Freezing electrons makes them get in line

Freezing electrons makes them get in line
Cartoon of electronic liquid-crystal phases at half-filling. This research indicates a transition from nematic (b) to smectic (c) phases. Credit: Purdue University

New research published in Nature Communications suggests that electrons in a two-dimensional gas can undergo a semi-ordered (nematic) to mostly-ordered (smectic) phase transition, which has been discussed in physics theory but never seen in practice before.

"Imagine that we could build an ice skating rink for electrons, and the electrons had to move along the surface; they couldn't move up and down, so they just had to skate around each other," said Michael Manfra, the Bill and Dee O'Brien Chair Professor of physics and astronomy at Purdue. "When you cool them down to very and place them in a , they sort of lock in step with each other; they line up like soldiers on a battlefield."

The Purdue team used a high-purity growth technique, called , to grow a semiconductor material (gallium arsenide) that confines electrons to a two-dimensional layer. Then they cooled the sample down to near absolute zero in a dilution refrigerator. Voltage probes along the length of the conductor measured resistance, which is a function of temperature and magnetic field.

The researchers believe they induced a transition from a nematic to a smectic state. To make this happen, conditions had to be perfect – extremely cold, on a very clean surface, in a perpendicular magnetic field.

"At , it looks isotropic, like electrons randomly dancing around one another," Manfra said. "As it starts to cool down, the electrons lock into columns, and we see the resistance take off and peak. Then as we go to very low temperatures, it turns over again. This indicates a transition from a nematic to smectic phase."

These results aren't what the team originally went looking for – it was an accidental discovery that helps them better understand how interact with one another in controlled environments. Discoveries in physics often happen this way; in the right conditions, serendipitous events can occur.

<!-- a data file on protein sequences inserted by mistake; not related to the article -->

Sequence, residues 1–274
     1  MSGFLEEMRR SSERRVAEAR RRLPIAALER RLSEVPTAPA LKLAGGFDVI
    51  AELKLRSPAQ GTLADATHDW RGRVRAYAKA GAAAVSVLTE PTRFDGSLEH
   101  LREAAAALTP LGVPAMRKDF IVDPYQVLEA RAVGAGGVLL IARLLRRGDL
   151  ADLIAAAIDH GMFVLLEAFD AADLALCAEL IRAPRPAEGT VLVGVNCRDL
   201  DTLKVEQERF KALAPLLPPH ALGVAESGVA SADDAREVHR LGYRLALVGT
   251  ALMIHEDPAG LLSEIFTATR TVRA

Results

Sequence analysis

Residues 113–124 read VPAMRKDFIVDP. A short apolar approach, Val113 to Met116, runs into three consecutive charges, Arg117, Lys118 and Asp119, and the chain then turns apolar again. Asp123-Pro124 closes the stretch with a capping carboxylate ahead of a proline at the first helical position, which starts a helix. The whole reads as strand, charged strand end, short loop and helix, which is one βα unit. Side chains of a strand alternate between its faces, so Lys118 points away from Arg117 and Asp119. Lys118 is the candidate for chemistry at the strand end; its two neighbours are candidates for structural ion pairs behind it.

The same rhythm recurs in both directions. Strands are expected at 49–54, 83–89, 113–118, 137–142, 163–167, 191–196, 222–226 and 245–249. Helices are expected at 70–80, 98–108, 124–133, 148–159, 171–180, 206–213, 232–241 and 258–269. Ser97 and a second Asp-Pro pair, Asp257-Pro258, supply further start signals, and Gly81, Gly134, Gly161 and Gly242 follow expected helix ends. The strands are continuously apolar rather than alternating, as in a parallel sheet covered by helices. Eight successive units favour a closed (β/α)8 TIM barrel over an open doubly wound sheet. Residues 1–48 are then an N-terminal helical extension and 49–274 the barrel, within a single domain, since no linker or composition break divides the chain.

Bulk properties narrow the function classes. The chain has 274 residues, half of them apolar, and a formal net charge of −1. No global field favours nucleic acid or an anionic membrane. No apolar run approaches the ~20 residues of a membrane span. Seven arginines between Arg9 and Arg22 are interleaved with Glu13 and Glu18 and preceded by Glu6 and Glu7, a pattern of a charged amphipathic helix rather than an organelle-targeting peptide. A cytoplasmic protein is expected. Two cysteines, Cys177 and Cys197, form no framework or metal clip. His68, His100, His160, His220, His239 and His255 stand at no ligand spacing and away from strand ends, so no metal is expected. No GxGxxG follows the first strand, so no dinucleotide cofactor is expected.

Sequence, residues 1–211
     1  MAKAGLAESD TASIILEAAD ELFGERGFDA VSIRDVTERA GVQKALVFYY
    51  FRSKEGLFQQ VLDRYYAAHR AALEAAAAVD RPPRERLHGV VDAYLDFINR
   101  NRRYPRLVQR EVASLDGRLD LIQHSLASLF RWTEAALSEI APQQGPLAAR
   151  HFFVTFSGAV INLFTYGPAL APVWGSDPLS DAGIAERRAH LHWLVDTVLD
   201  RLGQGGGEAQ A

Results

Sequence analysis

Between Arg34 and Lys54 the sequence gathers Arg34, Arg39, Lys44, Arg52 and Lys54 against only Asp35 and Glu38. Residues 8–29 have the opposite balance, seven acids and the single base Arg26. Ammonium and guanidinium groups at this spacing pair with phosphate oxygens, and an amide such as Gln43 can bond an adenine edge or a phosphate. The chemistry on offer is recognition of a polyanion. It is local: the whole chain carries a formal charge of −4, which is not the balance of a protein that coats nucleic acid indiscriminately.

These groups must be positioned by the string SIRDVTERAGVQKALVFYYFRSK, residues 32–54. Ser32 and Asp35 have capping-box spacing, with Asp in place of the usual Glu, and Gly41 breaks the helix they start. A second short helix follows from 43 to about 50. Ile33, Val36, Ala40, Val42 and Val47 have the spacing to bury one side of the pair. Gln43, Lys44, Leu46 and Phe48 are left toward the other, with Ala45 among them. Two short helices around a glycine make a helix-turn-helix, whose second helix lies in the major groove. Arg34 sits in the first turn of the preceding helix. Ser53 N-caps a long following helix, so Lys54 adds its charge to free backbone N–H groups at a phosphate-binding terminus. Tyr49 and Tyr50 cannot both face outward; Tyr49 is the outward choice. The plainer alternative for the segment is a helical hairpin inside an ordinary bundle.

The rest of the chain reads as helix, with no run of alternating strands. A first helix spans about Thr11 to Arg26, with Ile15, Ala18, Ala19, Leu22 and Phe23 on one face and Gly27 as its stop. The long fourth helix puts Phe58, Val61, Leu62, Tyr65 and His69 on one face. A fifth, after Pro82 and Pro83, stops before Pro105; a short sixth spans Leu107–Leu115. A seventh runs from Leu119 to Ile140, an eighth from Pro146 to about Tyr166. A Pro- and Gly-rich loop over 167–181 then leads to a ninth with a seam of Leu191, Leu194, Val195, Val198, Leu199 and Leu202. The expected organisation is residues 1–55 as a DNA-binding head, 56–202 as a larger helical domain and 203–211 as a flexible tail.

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More information: Q. Qian et al. Possible nematic to smectic phase transition in a two-dimensional electron gas at half-filling, Nature Communications (2017). DOI: 10.1038/s41467-017-01810-y
Journal information: Nature Communications

Provided by Purdue University
Citation: Freezing electrons makes them get in line (2017, November 27) retrieved 22 August 2019 from
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Nov 27, 2017
This is new? Lower Energy state, less motion, less motion, minimal order? Higher energy, more motion, more states. I think we know that we are talking about charge motion, state, field, field wrinkles, ...

Nov 27, 2017
It can be elementally defined if one throws away his PhD and accepts the logic and knowledge of an MSEE and the empirical Theory Implied by Maxwell. Define the container, the molecule, atoms, charges, from known physics. An NXN Matrix, Defined Volume, Defined "Temperature"(variable then calculable allowed states for a given volume and time, or T then expected states.) The unknown then becomes motion and placement about a point. Elementary. Everything is made of electrons and protons, didn't you get that in elementary school?

Nov 27, 2017
Oh forgot the silly question and stupid response, "What holds the nucleus together?" Ans: "Gluons!" off to the imaginary particle village. A neutron is a proton and an electron. Define the boundary conditions, the size of the container, ... Nope! Centers of Charges are the same as the field; therefore the entire charge's field is a fabric and this is the charge! Each is unique, fields don't affect fields only the field centers, every field from every other charge in the universe is felt, i.e. in communication. Yeah, yeah, we think therefore a charge ...

Nov 27, 2017
.. and when the charge moves a ripple is moved through its field

Nov 27, 2017
Isn't it neat, everything separated an operating by a rule. This is the fabric of space, layer upon layer of fields, with and without noticeable wrinkles.

Nov 27, 2017
Lumps get big enough they catch fire, or as they say over in the village of charges, "let's get busy"

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